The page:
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# 1 MA 1128: Lecture 19 – 4/19/11 Quadratic Formula Solving Equations with Graphs.

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1 MA 1128: Lecture 19 – 4/19/11 Quadratic Formula Solving Equations with Graphs

2 Completing-the-Square Formula One thing you may have noticed when you were completing the square was that you followed the same steps every time. 1.Move the constant to the other side. 2.Take half of the x-coefficient, square it, and add that to both sides. 3.Factor the perfect square trinomial. 4.Take the square root of both sides (plus/minus). 5.Move the constant to the other side. Done. A procedure like this can usually be gathered up into a formula. The question is, is it easier to remember and use the procedure? Or is it easier to remember and use the formula? In this case, the formula’s easier for most people. Actually, factoring is easier, but only if the equation is really nice. Next Slide

3 (Cont.) Before we look at the formula, let’s extend the completing-the-square procedure to the general quadratic equation. For example, if we had the quadratic equation 3x 2 + 9x – 15 = 0, the procedure from last time wouldn’t work because the x 2 -coefficient is 3 (and not 1). This is easy to fix, however. Just divide both sides by 3 (note 0 divided by 3 is 0). Now we have x 2 + 3x – 5 = 0, and we know what to do from here. Next Slide

4 Practice Problems For both of these problems, divide by the x 2 -coefficient and complete the square. Stop when you get to the form (x + A) 2 = B. 1.5x 2 + 20x – 15 = 0. 2.3x 2 + 15x – 3 = 0. Answers: 1. (x + 2) 2 = 7 2. (x + 5/2) 2 = 29/4 Next Slide

5 The Quadratic Formula Any quadratic equation can be written in the form ax 2 + bx + c = 0. If you go through the completing-the-square procedure on this equation (divide by a, complete the square, etc.), you will end up with the following formula. Next Slide This is the quadratic formula, and it gives you the solutions in terms of the coefficients a, b, and c.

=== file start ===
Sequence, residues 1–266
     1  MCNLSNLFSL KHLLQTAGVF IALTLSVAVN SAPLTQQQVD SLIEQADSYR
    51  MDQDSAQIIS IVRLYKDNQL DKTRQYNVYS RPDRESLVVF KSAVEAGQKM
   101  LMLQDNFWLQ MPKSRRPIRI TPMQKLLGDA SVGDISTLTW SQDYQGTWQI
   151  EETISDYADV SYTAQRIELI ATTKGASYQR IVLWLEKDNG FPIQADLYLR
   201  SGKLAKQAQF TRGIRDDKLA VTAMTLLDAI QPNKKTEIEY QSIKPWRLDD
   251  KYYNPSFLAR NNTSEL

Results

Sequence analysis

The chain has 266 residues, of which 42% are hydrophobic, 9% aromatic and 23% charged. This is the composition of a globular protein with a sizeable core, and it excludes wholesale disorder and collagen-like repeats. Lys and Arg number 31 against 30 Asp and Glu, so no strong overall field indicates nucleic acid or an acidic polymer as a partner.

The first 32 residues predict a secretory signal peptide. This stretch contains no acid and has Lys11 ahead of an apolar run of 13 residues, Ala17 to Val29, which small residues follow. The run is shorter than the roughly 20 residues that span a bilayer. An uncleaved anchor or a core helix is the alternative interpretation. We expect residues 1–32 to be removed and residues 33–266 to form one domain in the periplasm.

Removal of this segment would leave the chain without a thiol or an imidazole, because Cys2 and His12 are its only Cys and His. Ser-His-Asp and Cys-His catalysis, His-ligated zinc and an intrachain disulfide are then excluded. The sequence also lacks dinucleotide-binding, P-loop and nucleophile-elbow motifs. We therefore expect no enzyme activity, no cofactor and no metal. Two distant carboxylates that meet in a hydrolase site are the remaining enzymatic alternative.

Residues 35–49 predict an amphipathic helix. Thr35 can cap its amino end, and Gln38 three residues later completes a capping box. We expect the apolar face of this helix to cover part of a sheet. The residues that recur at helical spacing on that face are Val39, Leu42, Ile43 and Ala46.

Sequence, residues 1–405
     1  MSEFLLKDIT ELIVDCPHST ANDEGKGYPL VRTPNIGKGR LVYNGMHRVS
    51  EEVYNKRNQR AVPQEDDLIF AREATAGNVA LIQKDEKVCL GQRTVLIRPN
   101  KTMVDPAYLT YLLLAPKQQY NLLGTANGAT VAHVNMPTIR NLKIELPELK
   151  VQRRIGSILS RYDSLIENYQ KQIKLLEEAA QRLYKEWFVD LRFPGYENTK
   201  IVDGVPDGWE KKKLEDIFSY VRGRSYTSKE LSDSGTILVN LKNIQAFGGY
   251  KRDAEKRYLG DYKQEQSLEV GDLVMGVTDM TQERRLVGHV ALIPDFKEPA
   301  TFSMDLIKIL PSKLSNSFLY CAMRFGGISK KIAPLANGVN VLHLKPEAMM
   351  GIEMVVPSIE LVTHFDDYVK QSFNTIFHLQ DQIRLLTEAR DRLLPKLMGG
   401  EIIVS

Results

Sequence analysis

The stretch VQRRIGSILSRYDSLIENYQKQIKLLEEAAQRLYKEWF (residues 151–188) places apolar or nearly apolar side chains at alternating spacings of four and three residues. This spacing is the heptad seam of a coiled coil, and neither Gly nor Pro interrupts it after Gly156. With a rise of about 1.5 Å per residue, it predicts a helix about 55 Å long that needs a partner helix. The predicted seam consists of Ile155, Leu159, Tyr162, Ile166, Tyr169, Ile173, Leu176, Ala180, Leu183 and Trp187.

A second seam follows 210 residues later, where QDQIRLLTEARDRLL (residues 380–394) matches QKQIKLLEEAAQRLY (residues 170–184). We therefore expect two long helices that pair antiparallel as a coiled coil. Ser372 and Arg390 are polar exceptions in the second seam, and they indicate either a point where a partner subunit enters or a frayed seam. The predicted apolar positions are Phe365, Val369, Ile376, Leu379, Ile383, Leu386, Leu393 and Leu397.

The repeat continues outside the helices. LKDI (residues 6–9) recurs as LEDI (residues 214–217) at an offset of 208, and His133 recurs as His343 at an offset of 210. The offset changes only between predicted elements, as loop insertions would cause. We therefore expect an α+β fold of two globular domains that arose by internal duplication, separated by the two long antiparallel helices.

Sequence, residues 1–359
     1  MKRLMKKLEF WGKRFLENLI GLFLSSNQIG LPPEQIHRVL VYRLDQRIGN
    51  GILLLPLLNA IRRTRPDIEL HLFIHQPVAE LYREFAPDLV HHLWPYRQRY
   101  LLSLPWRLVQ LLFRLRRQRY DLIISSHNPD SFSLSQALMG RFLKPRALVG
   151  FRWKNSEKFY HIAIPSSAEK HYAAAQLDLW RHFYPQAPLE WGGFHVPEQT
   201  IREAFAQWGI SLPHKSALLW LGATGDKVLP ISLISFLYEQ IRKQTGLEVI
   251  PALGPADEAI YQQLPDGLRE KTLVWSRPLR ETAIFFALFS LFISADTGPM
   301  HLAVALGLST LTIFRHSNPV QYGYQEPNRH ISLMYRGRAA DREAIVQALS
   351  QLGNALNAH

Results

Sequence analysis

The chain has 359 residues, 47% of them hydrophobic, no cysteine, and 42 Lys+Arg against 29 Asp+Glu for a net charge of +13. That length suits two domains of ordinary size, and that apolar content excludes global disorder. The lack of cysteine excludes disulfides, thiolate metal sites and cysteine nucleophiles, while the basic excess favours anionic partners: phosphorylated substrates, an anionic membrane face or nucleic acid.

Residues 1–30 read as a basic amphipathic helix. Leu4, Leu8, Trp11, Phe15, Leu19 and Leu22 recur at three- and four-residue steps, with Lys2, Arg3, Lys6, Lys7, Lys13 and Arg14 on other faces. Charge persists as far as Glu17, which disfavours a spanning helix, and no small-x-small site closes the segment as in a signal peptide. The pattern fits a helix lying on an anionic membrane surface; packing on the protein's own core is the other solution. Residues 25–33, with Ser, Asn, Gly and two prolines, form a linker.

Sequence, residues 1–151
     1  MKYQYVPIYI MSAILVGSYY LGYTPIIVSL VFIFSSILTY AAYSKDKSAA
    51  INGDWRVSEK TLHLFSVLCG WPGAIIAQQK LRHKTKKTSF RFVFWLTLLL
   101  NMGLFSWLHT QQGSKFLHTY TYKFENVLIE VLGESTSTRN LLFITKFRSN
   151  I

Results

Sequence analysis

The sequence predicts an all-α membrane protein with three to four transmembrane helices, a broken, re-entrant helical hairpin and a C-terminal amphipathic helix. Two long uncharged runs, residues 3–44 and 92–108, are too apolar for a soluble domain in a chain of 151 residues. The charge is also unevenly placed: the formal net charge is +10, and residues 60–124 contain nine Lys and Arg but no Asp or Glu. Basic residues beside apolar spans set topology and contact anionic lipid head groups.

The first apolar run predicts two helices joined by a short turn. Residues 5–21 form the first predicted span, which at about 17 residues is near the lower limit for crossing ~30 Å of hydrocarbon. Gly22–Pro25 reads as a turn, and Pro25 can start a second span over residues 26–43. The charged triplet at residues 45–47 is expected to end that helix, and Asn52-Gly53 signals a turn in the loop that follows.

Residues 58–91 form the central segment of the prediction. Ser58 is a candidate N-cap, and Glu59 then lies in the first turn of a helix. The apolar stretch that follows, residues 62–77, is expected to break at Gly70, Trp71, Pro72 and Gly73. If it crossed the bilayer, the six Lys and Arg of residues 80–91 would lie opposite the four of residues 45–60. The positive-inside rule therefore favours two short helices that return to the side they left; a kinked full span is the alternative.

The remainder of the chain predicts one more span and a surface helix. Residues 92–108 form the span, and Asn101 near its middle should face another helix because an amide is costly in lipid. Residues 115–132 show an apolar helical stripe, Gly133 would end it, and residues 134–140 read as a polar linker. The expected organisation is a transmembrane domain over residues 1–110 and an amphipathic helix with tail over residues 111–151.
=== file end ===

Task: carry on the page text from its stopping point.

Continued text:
6 Example Consider the quadratic equation x 2 – 7x + 12 = 0. Here the x 2 -coefficient is a = 1. The x-coefficient is b =  7. And the constant term is c = 12. We get the solutions from the quadratic formula by filling in the values for a, b, and c. Next Slide These are the solutions. One comes from the + in the , and the other comes from the –.

7 Example (cont.) Of course, we’ll always want to simplify as much as we can. Next Slide In this case, factoring would have been easier. In other cases, factoring might not be. (x – 3)(x – 4) = 0, and x = 3, 4.

8 Example Factoring would be a bit harder on 5x 2 – 2x – 3 = 0, but the quadratic formula is about the same difficulty as with the other example. The coefficients are a = 5, b =  2, and c =  3. Next Slide

9 Example Consider the quadratic equation 3x 2 + 7x + 1 = 0. Here, a = 3, b = 7, and c = 1. Next Slide Since 37 doesn’t have a simple square root, we’ll just leave the exact answer like this. To get approximate solutions, just plug the numbers into your calculator. The steps for the +-solution are: 7, +/- (to change to –7), +, 37, square root, = (to finish off the numerator), , 6, =. You should get x = -0.152872912. The other solution is x = -2.180460422

10 Practice Problems Express your answers in decimal form rounded (correctly) to 4 decimal places. You should keep all of the digits you get from your calculator until the end. 1.2x 2 + 4x – 6 = 0. 2.5x 2 – 2x – 7 = 0. 3.2x 2 – 10x + 3 = 0. 4.4x 2 – 2x = 6. (Get 0 on the right side first!) Answers: 1. 1,  3; 2. 1.4,  1; 3. 4.6794,0.3206; 4. 1.5,-1 Next Slide